Mercury Interactive Ltd., a maker of business technology optimization (BTO) software and services, was acquired by Hewlett-Packard Enterprises in 2006 for $4.5 billion. It later became part of the US firm’s R&D center in Israel. The firm was founded in 1989 by Amnon Landan and Arye Finegold, and was based in California, with R&D offices in Israel.
MMC Networks Inc. a maker of semiconductors for network processors, was acquired in 2000 by AppliedMicro, a fabless semiconductor company, for $4.5 billion. In 2009 the US firm changed its brand name to AMCC. MMC Networks shares were listed on the Nasdaq in an IPO in October 1997. After the acquisition, the shares were delisted in October 2000. The Israeli firm was founded in 1992 by Amos Wilnai and Oran Uzrad.
Playtika Ltd., an Israeli online gaming company, was acquired twice: the first time in 2011 by US-based Caesars Interactive Entertainment, and then again, in July 2016 by a Chinese consortium, led by Giant Investment (HK) Limited, for $4.4 billion in cash. Founded in 2010 by Robert Antokol, Playtika was a pioneer in the free-to-play games on social networks and mobile platforms and is the creator of popular titles such as Slotomania, House of Fun and Bingo Blitz, which consistently rank among the top-grossing games on Apple’s App Store, Google Play and Facebook.
Lest we forget, other deals that have made a splash:
Frutarom, a maker of flavors and fragrances for use in food, beverages and pharmaceuticals, was acquired in May 2018 by US firm International Flavors & Fragrances (IFF) for $7.1 billion, making it the second-biggest deal ever in Israel, after Mobileye, to date. Because it is not technically a tech company, it was not included in the IVC ranking.
SodaStream, a home seltzer machine company, was acquired by PepsiCo Inc., the US-based drinks, food, and snacks giant, for $3.2 billion in cash in 2018.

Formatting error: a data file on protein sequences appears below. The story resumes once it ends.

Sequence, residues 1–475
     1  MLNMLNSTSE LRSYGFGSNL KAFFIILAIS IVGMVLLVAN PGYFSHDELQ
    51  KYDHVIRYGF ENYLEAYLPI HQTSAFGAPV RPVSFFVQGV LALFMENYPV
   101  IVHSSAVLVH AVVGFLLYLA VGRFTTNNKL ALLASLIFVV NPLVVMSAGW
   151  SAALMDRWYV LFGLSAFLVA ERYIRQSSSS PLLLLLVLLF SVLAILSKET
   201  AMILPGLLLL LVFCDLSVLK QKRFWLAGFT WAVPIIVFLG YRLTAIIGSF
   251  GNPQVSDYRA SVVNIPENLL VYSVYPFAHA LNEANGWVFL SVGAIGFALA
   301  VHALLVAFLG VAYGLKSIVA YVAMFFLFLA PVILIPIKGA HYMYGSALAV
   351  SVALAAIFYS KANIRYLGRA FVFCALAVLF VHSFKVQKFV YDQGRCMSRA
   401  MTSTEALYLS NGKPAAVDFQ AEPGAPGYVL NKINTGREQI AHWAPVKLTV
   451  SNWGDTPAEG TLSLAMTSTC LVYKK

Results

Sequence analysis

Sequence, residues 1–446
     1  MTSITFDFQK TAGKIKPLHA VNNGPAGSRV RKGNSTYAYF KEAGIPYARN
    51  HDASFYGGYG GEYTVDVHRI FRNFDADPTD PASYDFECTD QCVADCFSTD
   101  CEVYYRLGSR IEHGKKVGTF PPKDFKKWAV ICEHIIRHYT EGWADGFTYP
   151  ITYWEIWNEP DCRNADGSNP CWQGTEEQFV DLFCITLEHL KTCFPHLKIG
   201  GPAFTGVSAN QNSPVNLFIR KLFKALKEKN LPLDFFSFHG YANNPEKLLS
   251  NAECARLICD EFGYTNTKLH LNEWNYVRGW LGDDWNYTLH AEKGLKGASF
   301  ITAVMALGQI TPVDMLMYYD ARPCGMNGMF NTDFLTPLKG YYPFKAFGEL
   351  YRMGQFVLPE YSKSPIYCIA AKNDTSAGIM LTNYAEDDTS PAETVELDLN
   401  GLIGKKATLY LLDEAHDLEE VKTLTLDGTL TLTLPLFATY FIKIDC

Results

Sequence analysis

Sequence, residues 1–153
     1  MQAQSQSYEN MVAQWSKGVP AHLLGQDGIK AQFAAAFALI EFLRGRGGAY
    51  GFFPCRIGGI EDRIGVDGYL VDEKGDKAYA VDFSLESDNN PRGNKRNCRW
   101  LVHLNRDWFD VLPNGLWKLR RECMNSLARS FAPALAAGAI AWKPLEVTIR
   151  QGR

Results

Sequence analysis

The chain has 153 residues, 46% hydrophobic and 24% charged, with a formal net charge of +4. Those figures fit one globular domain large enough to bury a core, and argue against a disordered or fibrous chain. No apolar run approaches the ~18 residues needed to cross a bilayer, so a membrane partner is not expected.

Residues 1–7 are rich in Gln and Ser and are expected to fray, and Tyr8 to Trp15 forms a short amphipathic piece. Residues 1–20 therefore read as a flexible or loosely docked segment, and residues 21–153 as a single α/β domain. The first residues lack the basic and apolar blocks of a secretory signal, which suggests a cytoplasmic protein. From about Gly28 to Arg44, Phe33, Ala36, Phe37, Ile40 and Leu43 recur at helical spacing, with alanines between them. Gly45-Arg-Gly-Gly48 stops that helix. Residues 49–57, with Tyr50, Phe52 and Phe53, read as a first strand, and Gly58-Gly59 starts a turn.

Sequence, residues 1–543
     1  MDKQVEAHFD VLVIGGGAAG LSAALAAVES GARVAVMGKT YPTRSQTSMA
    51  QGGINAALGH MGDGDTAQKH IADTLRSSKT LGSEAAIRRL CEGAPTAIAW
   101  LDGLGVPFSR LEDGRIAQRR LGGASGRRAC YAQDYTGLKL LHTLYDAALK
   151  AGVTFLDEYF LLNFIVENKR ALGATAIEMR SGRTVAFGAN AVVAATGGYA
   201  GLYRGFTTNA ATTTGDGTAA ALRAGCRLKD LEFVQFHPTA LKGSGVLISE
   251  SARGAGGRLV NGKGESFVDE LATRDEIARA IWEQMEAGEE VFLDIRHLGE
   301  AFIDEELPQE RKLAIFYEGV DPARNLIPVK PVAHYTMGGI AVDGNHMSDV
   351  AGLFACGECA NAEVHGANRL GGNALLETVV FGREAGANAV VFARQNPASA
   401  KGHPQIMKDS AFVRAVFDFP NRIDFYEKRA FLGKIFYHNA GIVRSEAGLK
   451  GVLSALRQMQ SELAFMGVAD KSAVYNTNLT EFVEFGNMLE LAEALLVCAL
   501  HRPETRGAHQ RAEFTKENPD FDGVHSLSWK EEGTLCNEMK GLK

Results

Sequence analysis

Set up in 1903 by Guy Hugh Gilby in the UK, the firm originally sold its aerating water devices to the British upper classes and royal household, gradually expanding its operations globally. It was acquired in 1998 by Israel’s Soda-Club, founded in 1991 by Peter Wiseburgh, who from the late 70s was the sole distributor of SodaStream products in Israel.
The company went from bubbles to making a splash under the leadership of its CEO, Daniel Birnbaum, who rebranded the Israeli maker of fizzy water as a healthier alternative to the drinks offered by its drink-maker competitors, which use massive amounts of sugar and sell their products in planet-killing plastic bottles. SodaStream makes machines that carbonate home tap water in reusable bottles. Like Frutarom, SodaStream is not considered a tech firm and thus is not in the IVC ranking.
Mazor Robotics Ltd.: Even if not among the top 5 biggest tech deals, this Israeli biotech firm that develops robotic surgical systems is worth a shout-out as its sale to Irish-American medical device company Medtronic for $1.64 billion in 2018 marks the biggest exit for an Israeli biotech company to date.
The Israeli firm provides among its products a suite of software that includes image processing and computerized anatomy recognition. The technology helps surgeons better plan spinal procedures. The firm was founded in 2001 by Eli Zahavi and Moshe Shoham.
Staying the course:
Check Point Software Technologies Ltd. the nation’s largest cybersecurity firm, has chosen to shun a sale and instead pursue growth. Founded by Gil Shwed, its current CEO Marius Nacht, and Shlomo Kramer in 1993, the company, whose shares are traded on the Nasdaq, has a market value of $18 billion. The firm had $1.9 billion in revenue in 2018 and net income of $821 million. Its shares have risen almost 17% in the past 12 months.